Monday, August 13, 2012

Karen Smith Logs Three BIG Money Mistakes Authors Make

Thanks to Karen Smith for her guest blog covering some of the financial mistakes many authors make when going it alone or going an alternative route. This is a subject near and dear to my heart (and one of the reasons I wrote The Frugal Book Promoter).

Three  Money Mistakes Self-Published Authors Make
By Karen Smith
It’s hard to overestimate the role played by financial factors in the self-publishing boom we’ve seen in the early 21st century. Much as in the music industry, content creators have realized that, whatever the marketing leverage provided by the middle-men of major publishing houses, the upside for the actual author is small unless the book happens to become a massive breakout success (and even then, the largest cut goes to corporate and you’ll be lucky to see 10%).

Maintaining control over your own intellectual property is crucial to your financial independence. Yet the dinosaurs of old media retain one distinct advantage: they know how the game works. Without the proper guidance, a self-published author will not know how best to play her hand. Pay attention to the warnings in this article and you’ll be a step ahead. Here are some of the most common pitfalls to which new authors fall victim:
1. Don’t get suckered into paying too many fees up front.
The self-publishing and print-on-demand sectors are very much in flux, and there’s always a mix of reputable companies and shady operators. Do your homework before you do any deals. Much as with any service, there are plenty of extra “upcharge” options available, besides the basic costs of publishing.

Make sure any goodies you have them throw in will pay for themselves. One that you can usually acquire cheaper on your own is the ISBN and barcode purchase, which should never cost more than about $25 per ISBN.

Also be wary of marketing packages. This is one area where traditional publishers are still light-years ahead, and you’re honestly better off a) doing guerrilla marketing on your own or b) hiring a dedicated publicist.
2. Make sure you can see a finished prototype before signing off on the whole run.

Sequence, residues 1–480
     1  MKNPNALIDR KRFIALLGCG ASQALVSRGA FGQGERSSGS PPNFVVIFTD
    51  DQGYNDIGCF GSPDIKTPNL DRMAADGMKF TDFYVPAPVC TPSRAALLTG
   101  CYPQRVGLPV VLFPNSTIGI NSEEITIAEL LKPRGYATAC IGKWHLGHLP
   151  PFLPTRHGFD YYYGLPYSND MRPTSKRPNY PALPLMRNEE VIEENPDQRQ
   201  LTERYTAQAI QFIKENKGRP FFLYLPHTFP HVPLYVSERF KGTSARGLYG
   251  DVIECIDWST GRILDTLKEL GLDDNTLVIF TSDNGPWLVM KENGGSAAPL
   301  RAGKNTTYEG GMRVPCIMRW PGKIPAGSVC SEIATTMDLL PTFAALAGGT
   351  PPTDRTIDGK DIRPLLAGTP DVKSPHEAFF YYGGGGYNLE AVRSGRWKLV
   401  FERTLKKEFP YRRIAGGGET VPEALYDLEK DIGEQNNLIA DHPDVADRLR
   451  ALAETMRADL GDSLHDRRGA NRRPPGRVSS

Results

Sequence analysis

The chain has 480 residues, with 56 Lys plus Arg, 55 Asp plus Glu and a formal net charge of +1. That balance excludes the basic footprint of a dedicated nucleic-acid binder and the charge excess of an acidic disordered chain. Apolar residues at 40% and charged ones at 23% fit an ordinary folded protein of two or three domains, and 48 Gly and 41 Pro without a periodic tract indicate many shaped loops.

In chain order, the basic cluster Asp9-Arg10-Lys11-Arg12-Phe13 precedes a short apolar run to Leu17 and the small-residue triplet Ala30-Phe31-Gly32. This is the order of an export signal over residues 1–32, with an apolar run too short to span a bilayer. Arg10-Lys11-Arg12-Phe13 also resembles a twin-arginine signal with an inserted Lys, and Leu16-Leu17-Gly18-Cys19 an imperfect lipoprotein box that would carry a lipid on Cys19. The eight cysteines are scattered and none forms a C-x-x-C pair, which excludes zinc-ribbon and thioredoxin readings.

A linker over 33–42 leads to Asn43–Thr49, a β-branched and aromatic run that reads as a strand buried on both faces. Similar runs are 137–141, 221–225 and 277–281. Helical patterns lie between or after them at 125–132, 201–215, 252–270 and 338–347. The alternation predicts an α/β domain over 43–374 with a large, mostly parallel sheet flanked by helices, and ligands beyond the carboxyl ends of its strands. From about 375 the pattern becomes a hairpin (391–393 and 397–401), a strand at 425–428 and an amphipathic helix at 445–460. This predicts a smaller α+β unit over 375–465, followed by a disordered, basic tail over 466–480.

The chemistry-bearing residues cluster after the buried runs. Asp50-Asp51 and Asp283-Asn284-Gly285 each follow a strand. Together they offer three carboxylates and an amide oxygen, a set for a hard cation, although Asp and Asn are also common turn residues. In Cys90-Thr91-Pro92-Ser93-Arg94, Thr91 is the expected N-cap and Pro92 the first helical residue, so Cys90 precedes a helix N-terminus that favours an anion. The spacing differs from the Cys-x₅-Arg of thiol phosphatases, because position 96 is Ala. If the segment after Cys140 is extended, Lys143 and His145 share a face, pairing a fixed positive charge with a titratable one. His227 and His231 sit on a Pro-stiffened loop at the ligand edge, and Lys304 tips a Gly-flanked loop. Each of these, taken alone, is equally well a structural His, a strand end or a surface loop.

Design quality is highly variable in the self-publishing racket. Sometimes they’ll do a great job and be very attentive to your needs; other times, you’ll wonder why you didn’t just go to Kinkos, or buy a bunch of paper and fire it off yourself on your laser printer.
3. Set your consignment price low if you want to be sold in stores.
When bookstores buy books for their inventory from wholesalers, they usually get a 41% discount compared to the list price. When they buy directly from publishers, that discount can be as high as 45-50%. In other words, if a book sells for $18.95, they probably got it for $10. Keep this in mind.
Your prices, both list and wholesale, should be highly competitive compared to traditionally published books, and certainly no higher. Being represented by a known publishing house still means something: that title has been vouched for by an experienced, knowledgeable middle-man. If you want to make your (comparatively uncertain) proposition worth the bookseller’s while, lowballing can only help.
One’s pride can easily come into play here, but that doesn’t serve the book or you. Be realistic and professional, being careful not to make any moves that would play into the old stereotypes about “vanity publishing.” It may be a new world, but those preconceptions are still alive and well in the industry, fed by experience.
So to take a sports analogy, you’ve got to play like you’re ten points behind. Be hungry for success, give 110%, and don’t fall into a financial hole that will restrain your flexibility in the future. Do it right, on the other hand, and the proceeds from this book will pay for you to write and print your next!
 ~Karen Smith is a versatile freelance writer who also maintains her own business degrees blog. While her writing focus is trends in small business, she also enjoys writing about the challenges of parenting, continuing education, health, and more. Karen welcomes comments below!
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Carolyn Howard-Johnson, author of This Is the Place; Harkening: A Collection of Stories Remembered; Tracings, a chapbook of poetry; and how to books for writers including the award-winning second edition of, The Frugal Book Promoter: How to get nearly free publicity on your own or by partnering with your publisher; The Frugal Editor: Put Your Best Book Forward to Avoid Humiliation and Ensure Success; and Great Little Last Minute Editing Tips for Writers . The Great First Impression Book Proposal is her newest booklet for writers. She has three FRUGAL books for retailers including A Retailer’s Guide to Frugal In-Store Promotions: How To Increase Profits and Spit in the Eyes of Economic Downturns with Thrifty Events and Sales Techniques. Some of her other blogs are TheNewBookReview.blogspot.com, a blog where authors can recycle their favorite reviews. She also blogs at all things editing, grammar, formatting and more at The Frugal, Smart and Tuned-In Editor . If your followers at Twitter would benefit from this blog post, please use the little Green widget to let them know about this blog:

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